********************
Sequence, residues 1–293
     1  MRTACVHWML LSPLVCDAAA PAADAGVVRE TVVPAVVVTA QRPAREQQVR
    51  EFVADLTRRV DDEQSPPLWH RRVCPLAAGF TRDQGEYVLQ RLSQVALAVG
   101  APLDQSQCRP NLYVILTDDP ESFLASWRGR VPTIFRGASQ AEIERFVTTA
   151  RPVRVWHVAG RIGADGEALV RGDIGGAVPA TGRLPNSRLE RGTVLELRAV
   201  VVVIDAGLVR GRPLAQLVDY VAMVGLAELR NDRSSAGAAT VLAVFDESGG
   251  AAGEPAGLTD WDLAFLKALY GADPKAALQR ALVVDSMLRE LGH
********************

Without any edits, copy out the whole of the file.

Sequence, residues 1–293
     1  MRTACVHWML LSPLVCDAAA PAADAGVVRE TVVPAVVVTA QRPAREQQVR
    51  EFVADLTRRV DDEQSPPLWH RRVCPLAAGF TRDQGEYVLQ RLSQVALAVG
   101  APLDQSQCRP NLYVILTDDP ESFLASWRGR VPTIFRGASQ AEIERFVTTA
   151  RPVRVWHVAG RIGADGEALV RGDIGGAVPA TGRLPNSRLE RGTVLELRAV
   201  VVVIDAGLVR GRPLAQLVDY VAMVGLAELR NDRSSAGAAT VLAVFDESGG
   251  AAGEPAGLTD WDLAFLKALY GADPKAALQR ALVVDSMLRE LGH